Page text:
A Case Against Case Studies

We all play the game, but does the best work win?

Picture this. A black screen, with a mildly inspirational yet inoffensive track playing in the background. A famous news reporter appears in the middle of the screen, discussing something a well-known brand just did. Another reporter appears next to that reporter, discussing the very same brand effort, this time pointing out that the brand's "stunt" has gone viral. It happens again. And again. Eventually the entire screen fills up with famous reporters talking about what the brand did, until it all blends together into an intentionally cacophonous noise. Cut to black. A non-descript, milquetoast voiceover begins.

Congrats. You have entered the advertising case study video.

I remember the first time I saw a case study. It was 2015. I had spent the last eight years working in the creative department at VH1. Yes, that VH1. Home of Flavor of Love, Behind the Music and, once upon a time: Michael Bolton and Tina Turner videos on repeat.

I spent the early years of my career working for traditional ad agencies, most recently BBDO in 2006, after which I took somewhat of a "hiatus" by going in-house at VH1. In 2015, I was about to re-enter the agency world as a freelancer. Up to that point, nary a case study had been seen by these eyes. I was suddenly an outsider.

As you can imagine, for a creative coming across the somewhat bland, business-oriented format of the case study for the first time, it came as sort of a shock. "What is this newfangled … thing?!" I surely thought to myself, minus the word "newfangled" because I'm not from the 1920s. I couldn't wrap my head around how this overly slick, sanitized two-minute video was being used to sell creative people sitting on a jury as to why an ad, stunt or campaign was worthy of an award. I couldn't understand why our industry was now inundated with these heavily curated and clearly manipulated-to-sound-more-interesting-and-effective-than-they-actually-were films.

And perhaps the most glaringly egregious fact: that we're now selling BS to people who essentially sell BS for a living. Every time I watch a case study, I can't help but laugh at the Jedi mind tricks we're using on an audience that does this every day. I can just hear a judge thinking, "I know what you're doing. Your feeble attempts won't work on me!"

Don't get me wrong—there is some amazing, envy-inducing work, created by incredibly talented people, that's being submitted to these shows. And many of these films are quite powerful. It's just harder than ever to tell fact from fakery.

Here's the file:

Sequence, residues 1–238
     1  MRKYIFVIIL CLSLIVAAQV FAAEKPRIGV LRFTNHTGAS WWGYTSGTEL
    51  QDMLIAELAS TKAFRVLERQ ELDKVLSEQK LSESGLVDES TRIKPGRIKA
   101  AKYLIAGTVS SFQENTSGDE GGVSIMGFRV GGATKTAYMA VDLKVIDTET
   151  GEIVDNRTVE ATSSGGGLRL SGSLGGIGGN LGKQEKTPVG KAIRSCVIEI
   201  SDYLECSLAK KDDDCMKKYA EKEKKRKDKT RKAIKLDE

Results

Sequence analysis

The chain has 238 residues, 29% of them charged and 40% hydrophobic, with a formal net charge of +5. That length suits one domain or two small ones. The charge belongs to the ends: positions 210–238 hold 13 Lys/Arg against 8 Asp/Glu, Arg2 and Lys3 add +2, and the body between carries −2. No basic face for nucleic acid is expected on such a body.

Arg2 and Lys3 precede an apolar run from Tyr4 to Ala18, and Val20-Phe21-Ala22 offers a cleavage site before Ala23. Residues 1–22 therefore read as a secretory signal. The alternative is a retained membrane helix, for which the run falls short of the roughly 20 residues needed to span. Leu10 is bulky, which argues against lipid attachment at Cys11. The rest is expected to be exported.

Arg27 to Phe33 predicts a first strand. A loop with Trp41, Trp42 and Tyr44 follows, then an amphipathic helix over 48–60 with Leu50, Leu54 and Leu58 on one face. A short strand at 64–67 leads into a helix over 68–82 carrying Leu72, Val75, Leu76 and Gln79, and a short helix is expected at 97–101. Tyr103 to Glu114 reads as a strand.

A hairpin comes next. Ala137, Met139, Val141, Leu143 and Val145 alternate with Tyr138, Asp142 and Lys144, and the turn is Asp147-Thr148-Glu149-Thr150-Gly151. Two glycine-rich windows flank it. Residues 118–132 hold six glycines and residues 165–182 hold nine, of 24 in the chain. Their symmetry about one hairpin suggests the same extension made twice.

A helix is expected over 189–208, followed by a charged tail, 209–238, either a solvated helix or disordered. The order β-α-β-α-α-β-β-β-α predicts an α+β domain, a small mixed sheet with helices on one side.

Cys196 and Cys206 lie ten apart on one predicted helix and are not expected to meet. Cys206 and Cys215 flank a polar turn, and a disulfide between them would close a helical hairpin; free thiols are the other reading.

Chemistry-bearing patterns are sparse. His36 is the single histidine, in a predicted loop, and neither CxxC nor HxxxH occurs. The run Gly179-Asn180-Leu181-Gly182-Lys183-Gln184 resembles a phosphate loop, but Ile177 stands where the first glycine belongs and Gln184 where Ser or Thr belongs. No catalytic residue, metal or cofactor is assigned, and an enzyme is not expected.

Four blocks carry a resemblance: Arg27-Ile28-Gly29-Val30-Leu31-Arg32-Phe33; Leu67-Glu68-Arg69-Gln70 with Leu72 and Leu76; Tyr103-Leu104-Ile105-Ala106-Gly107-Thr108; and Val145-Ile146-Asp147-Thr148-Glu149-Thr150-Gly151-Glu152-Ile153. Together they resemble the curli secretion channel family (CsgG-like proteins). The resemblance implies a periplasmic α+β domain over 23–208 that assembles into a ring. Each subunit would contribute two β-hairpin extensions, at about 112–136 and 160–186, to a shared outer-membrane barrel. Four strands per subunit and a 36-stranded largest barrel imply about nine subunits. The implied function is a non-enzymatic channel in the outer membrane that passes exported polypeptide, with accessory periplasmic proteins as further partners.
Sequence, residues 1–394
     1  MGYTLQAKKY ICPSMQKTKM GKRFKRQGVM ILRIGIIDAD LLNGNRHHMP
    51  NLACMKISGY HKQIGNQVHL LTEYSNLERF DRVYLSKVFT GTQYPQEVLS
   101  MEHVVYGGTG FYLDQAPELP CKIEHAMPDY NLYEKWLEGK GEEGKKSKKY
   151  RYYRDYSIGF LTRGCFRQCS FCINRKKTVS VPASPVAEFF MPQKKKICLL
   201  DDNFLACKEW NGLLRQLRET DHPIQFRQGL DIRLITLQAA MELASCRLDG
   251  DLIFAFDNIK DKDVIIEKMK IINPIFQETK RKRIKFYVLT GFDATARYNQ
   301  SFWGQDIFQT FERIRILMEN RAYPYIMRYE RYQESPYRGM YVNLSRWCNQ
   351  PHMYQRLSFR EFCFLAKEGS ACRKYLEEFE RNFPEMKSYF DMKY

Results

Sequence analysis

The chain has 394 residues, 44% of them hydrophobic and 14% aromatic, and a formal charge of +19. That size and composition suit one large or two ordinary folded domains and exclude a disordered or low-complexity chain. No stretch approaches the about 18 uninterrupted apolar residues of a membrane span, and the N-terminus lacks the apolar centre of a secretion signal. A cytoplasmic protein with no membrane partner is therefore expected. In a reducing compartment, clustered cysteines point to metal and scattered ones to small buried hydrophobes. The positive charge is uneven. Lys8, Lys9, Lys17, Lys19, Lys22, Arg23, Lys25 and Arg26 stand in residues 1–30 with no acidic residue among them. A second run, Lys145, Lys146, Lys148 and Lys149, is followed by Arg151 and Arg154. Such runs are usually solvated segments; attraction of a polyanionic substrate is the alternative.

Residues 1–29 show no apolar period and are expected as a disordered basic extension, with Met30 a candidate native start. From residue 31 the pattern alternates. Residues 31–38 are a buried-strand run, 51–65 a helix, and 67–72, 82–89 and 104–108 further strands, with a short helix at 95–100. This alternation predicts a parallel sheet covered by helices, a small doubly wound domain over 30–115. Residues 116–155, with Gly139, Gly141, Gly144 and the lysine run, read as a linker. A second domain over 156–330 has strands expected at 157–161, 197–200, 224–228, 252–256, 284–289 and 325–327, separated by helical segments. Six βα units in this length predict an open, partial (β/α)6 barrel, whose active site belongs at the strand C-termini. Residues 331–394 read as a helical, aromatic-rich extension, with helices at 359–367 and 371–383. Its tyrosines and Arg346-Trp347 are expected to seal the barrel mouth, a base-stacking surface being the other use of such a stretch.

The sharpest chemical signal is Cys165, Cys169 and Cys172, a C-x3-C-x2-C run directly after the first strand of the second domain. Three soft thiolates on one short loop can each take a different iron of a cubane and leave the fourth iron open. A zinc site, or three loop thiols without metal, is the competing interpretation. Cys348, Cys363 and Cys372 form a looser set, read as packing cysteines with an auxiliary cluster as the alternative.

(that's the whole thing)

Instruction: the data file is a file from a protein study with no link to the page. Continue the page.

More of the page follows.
Nearly every case-study video contains some combination of the following: press quote or soundbites to set the stage; brand challenge; hypothetical solution; video of execution; humans engaging with the campaign somehow; wall of press; wall of social posts; wall of something else that seems impressive; ridiculously large number of engagements/shares/impressions (likely a figure in the millions or billions); some sort of dramatic ending statement.

And perhaps my favorite of all: the point in the video where you're led to believe it's almost finished, but surprise! It's not. "And then, we started a conversation" or "Then, something happened that nobody expected…" It's like the "But wait, there's more!" of case studies. With each transition, you can just hear the video creators saying, "Isn't this cool? … Do you like us? ... How about now?" as the viewer's eyes begin to glaze over.

We're all guilty of it, including myself and the teams I have worked with. To play the game, we have to produce these videos (it says so right there in the rules!), so I begrudgingly make them along with my colleagues and peers, likely falling into the same traps with these aforementioned clichés.

I get it. It's more difficult to just submit the work these days, with the 360-degree, integrated, cross-platform, holistic, immersive social/digital/mobile monsters we're creating. But there's gotta be a way to showcase work in a way that gets to a level playing field for everyone involved, where it all comes down to the idea, the execution and the integrity of the work itself.

It just feels like there's more time spent cleverly crafting these videos than on the actual campaigns. And ultimately, that it's become a competition of not what was done for the client and brand, but which agency has the most time, money and resources to spin and package the video in the most effective way to the judges. Time, money and resources that could be used on the actual work.

It's been said that a great idea should be able to be written on a napkin and understood. Or told as an elevator pitch. "If you have to overly explain it, it's not a good idea." Shouldn't the same apply here?

Clearly, these films are being used to cover up flaws, mask facts and make work seem more impressive than it is. Maybe without relying on them, we just might strive to make better work.

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Dan Tucker
Dan Tucker is a creative director at GPJ Experiential Marketing in New York.